In a further embodiment, a heat pipe is inserted directly into the wellstream fluids through a wall of the pipeline. A portion of the heat pipe extends outwardly from the pipeline into the seawater. The heat pipe conveys heat from the wellstream fluids when the working fluid is located in the portion of the heat pipe within the pipeline. The heat pipe will heat the wellstream when it is oriented such that the heat pipe extends below the pipeline and the working fluid is in the end of the heat pipe surrounded by seawater.
The various features of novelty which characterize the invention are pointed out with particularity in the claims annexed to and forming a part of this disclosure. For a better understanding of the invention, its operating advantages and specific benefits attained by its uses, reference is made to the accompanying drawings and descriptive matter in which preferred embodiments of the invention are illustrated.
In the drawings:
FIG. 1 is a schematic illustration of a subsea pipeline employing a heat pipe heat exchanger according to the invention;
FIG. 2 is a side elevation sectional view of the heat exchanger of the invention;
FIG. 3 is a side elevation sectional view of an alternate configuration of the heat exchanger of FIG. 2;
FIG. 4 is a sectional view taken in the direction of arrows 4--4 of FIG. 2;
FIG. 5 is a sectional view taken in the direction of arrows 5--5 of FIG. 3;
FIG. 6 is a sectional end view of another embodiment of a heat pipe heat exchanger according to the present invention;
FIGS. 7A-7E are sectional end views of alternate arrangements and orientations of heat pipes for use with the heat exchanger of the present invention; and
FIG. 8 is a sectional view of another embodiment of a heat pipe heat exchanger according to the present invention wherein an amount of inert, non-condensible gas is provided in the heat pipe heat exchanger to obtain a degree of passive outlet wellstream fluid temperature control.
Referring to the drawings in general, wherein like reference numerals designate the same or functionally similar elements throughout the several drawings, and to FIG. 1 in particular, there is shown in FIG. 1 a heat pipe heat exchanger 20 according to the invention placed downstream of a wellhead 10 connected to an underwater pipeline 15. The wellhead 10 and heat pipe heat exchanger 20 are located on a seabed 16 immersed in seawater 18. The pipeline 15 is connected to a production platform 12. Wellstream fluids 14 (not shown in FIG. 1) are pumped from the wellhead 10 through pipeline 15 to the production platform 12 for use.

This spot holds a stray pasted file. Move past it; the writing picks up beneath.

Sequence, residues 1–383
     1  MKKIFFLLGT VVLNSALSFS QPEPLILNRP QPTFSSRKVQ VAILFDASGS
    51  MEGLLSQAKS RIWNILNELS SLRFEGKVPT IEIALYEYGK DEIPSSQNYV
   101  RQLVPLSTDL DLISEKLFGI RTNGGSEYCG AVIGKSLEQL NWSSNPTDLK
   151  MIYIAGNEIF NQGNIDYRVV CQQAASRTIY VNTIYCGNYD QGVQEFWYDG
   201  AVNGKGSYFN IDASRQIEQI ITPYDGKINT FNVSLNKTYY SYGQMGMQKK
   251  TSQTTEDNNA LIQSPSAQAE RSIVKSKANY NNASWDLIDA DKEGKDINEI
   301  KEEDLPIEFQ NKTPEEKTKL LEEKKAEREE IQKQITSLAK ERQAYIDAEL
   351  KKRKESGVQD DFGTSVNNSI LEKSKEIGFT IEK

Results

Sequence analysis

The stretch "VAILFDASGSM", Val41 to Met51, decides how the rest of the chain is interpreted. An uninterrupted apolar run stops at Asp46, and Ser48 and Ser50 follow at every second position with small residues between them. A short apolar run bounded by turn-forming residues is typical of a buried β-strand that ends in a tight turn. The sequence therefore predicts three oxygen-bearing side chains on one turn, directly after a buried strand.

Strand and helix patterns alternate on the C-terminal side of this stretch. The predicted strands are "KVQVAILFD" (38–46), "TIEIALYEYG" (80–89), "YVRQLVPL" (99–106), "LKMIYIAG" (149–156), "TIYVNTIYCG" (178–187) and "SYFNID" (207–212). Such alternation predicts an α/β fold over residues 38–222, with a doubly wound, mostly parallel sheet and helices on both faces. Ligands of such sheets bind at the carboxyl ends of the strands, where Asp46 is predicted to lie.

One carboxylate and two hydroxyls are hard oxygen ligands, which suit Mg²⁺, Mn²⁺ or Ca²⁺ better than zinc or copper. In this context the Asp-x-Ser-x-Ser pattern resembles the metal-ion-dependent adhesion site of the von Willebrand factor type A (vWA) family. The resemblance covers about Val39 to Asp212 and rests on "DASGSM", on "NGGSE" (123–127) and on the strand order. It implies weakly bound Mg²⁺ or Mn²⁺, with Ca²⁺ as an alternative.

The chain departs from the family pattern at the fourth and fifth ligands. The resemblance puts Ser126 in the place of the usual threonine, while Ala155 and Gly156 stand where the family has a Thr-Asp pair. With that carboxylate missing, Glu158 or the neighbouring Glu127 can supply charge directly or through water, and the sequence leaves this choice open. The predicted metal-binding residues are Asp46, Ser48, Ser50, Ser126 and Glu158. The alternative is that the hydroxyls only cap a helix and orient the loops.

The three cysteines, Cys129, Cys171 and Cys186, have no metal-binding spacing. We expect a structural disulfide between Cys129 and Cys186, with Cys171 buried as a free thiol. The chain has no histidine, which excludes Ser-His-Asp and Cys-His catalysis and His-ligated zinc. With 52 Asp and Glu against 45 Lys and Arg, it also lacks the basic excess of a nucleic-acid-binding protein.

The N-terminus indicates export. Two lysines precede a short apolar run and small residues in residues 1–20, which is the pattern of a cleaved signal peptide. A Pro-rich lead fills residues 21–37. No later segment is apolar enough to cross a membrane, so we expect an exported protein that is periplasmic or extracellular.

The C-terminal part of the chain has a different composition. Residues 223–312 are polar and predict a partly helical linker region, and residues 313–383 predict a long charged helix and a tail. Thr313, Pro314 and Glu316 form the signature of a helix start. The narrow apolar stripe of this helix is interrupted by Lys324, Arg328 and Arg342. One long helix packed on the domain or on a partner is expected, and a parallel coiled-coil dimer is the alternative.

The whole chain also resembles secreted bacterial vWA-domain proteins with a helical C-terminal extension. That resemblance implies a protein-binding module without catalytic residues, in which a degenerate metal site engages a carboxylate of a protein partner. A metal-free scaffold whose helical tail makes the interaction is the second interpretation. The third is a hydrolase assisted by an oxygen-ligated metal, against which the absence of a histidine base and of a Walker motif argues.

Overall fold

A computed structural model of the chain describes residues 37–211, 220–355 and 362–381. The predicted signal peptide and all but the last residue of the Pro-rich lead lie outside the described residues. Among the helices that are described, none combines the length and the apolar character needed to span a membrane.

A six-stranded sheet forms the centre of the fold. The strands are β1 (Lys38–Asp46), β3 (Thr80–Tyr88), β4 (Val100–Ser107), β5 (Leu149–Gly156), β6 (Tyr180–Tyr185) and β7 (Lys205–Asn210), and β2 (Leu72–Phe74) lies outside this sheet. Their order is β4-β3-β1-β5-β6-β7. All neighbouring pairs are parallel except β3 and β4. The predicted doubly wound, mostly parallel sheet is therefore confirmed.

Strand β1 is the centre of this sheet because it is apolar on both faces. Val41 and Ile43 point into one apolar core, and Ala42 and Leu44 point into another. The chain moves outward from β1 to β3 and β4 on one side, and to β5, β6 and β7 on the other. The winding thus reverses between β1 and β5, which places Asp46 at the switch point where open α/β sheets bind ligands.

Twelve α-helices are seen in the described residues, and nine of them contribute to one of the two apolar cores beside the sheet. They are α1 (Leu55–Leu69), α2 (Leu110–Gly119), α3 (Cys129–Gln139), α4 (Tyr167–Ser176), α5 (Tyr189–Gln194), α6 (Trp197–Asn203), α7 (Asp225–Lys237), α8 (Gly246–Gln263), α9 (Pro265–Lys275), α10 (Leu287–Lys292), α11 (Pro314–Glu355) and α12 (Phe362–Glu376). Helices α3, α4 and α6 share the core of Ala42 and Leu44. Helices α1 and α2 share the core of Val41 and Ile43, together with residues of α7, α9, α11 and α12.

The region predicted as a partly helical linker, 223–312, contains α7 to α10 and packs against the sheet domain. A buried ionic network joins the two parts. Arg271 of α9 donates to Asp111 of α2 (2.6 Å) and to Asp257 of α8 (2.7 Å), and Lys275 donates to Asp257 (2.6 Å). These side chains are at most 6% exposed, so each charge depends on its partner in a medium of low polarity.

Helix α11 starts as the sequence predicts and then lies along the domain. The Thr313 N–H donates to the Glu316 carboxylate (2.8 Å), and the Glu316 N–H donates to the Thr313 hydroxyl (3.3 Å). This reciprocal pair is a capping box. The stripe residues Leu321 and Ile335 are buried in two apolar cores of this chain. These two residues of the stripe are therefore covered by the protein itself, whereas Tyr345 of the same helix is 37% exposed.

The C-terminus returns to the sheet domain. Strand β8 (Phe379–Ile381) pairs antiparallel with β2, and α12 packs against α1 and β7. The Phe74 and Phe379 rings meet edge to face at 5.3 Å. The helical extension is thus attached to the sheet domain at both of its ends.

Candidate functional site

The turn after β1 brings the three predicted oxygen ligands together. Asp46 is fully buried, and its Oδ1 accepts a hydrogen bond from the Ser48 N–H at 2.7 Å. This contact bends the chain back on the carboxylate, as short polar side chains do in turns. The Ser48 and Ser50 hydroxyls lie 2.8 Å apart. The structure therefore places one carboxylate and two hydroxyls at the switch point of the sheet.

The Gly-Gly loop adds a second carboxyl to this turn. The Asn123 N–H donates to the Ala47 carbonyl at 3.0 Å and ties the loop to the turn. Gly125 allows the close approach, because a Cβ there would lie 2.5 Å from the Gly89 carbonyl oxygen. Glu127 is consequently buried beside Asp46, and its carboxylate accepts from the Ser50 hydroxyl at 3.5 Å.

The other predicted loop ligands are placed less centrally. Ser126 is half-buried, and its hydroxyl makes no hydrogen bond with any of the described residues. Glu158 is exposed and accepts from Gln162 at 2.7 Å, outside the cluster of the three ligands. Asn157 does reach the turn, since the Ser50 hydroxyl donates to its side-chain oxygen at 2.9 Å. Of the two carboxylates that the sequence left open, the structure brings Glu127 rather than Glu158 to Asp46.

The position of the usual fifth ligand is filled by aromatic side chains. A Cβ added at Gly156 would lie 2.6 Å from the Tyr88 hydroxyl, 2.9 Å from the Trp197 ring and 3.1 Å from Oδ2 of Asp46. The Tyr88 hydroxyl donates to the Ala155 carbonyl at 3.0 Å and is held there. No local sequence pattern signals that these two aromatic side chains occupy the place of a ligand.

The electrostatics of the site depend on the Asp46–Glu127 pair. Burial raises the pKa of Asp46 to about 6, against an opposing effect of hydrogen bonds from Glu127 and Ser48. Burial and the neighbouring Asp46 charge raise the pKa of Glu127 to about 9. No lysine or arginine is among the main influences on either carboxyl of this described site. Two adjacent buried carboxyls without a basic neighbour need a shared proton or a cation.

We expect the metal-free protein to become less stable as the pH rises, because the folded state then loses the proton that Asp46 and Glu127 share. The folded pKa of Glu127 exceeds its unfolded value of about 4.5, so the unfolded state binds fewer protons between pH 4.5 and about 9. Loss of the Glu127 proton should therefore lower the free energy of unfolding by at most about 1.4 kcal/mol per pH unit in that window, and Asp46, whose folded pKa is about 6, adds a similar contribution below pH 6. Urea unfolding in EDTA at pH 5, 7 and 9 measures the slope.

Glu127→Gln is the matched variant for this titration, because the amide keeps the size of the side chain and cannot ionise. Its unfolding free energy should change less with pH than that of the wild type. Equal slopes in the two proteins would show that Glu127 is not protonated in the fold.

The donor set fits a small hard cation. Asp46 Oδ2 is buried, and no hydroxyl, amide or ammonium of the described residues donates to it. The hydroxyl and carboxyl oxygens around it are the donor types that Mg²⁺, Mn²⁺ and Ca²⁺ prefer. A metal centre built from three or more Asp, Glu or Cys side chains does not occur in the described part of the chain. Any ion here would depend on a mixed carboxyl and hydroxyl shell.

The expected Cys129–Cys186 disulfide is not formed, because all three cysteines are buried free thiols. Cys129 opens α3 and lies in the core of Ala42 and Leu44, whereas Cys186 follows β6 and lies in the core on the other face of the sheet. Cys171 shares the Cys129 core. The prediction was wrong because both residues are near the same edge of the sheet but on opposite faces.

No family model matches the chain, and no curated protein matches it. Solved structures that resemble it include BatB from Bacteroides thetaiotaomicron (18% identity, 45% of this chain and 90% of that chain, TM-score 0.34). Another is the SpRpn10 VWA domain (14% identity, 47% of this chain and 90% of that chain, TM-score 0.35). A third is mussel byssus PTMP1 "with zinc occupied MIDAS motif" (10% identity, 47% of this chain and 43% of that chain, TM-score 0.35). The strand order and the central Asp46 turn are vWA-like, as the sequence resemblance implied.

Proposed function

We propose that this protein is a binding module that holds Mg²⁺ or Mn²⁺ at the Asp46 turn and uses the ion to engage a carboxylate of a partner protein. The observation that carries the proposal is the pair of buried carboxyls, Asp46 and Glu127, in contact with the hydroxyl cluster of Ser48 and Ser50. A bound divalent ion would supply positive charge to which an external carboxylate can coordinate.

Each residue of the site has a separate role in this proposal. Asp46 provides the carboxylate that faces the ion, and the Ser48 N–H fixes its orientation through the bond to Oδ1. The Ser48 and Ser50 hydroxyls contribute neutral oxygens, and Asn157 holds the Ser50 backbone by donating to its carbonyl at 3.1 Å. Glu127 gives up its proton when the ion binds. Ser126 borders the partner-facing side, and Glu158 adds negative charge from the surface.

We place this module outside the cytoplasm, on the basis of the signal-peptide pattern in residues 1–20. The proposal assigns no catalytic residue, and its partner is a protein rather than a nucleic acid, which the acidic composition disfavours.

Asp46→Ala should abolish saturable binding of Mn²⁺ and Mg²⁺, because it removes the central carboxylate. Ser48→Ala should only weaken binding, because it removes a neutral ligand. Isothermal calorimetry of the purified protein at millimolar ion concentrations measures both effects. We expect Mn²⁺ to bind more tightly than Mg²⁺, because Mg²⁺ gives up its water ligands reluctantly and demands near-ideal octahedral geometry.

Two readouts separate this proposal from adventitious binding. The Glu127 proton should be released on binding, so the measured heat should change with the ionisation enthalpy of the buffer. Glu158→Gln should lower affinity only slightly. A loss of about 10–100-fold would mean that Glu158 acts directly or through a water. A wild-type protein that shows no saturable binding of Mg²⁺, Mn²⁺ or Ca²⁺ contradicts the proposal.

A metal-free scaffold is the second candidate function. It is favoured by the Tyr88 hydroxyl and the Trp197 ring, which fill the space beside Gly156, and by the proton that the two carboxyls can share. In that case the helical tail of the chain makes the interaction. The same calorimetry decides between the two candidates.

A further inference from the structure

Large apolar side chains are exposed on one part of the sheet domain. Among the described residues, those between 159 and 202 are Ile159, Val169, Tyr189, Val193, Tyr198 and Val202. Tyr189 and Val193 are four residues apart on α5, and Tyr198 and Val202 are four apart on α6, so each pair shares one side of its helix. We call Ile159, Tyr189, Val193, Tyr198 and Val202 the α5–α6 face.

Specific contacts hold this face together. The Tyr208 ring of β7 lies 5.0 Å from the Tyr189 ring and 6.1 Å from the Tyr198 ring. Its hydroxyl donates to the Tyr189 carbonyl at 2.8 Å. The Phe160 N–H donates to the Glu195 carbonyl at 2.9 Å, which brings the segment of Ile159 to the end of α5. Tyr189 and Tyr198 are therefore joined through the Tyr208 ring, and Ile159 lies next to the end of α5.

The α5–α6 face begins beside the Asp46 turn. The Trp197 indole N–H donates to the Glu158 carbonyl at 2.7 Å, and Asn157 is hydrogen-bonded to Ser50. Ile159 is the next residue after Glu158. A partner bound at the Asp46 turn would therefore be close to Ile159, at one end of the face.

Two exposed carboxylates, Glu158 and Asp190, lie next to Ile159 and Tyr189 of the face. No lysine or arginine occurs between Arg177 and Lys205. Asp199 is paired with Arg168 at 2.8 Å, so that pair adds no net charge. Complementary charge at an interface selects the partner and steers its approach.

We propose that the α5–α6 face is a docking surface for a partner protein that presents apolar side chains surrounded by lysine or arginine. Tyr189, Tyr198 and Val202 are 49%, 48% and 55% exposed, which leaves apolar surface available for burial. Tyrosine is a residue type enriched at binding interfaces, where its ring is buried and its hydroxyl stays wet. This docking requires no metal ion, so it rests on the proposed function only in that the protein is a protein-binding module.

In FIG. 2, a first embodiment of the heat pipe heat exchanger 20 is shown which can be used for removing heat from the wellstream fluids 14 contained in pipeline 15. The heat pipe heat exchanger 20 has an annular reservoir 24 surrounding pipeline 15. Fluidically connected thereto are one or more heat pipes 22 extending generally upwardly (i.e., in an opposite direction with respect to the direction of the force of gravity) from the annular reservoir 24. A heat transfer working fluid 26 is contained within the annular reservoir 24, and the fluidically connected heat pipes 22.
While FIG. 2 shows an arrangement of three rows of heat pipes 22 extending substantially radially from the annular reservoir 24, it will be appreciated that fewer or a greater number of rows may be employed, and also in arrangements other than radial. The important aspect to be observed is that in the case of a heat pipe heat exchanger 20 employed on a pipeline 15 to extract heat from the wellstream fluids 14 contained therein (as in FIGS. 2 and 4, and 6-7 described infra) the heat pipes 22 are located generally above the reservoir 24 of liquid working fluid 26. In this way, the absorption of heat from the wellstream fluids 14 causes the working fluid 26 to evaporate. The working fluid vapor flows by pressure difference up into the heat pipes 22, where the heat is rejected into the surrounding seawater 18, causing the working fluid 26 to condense on the inside surfaces and drain/return into the annular reservoir 24 by gravity. Note that heat is rejected directly to the surrounding seawater without the need for a secondary cooling fluid like produced water returned from a production platform.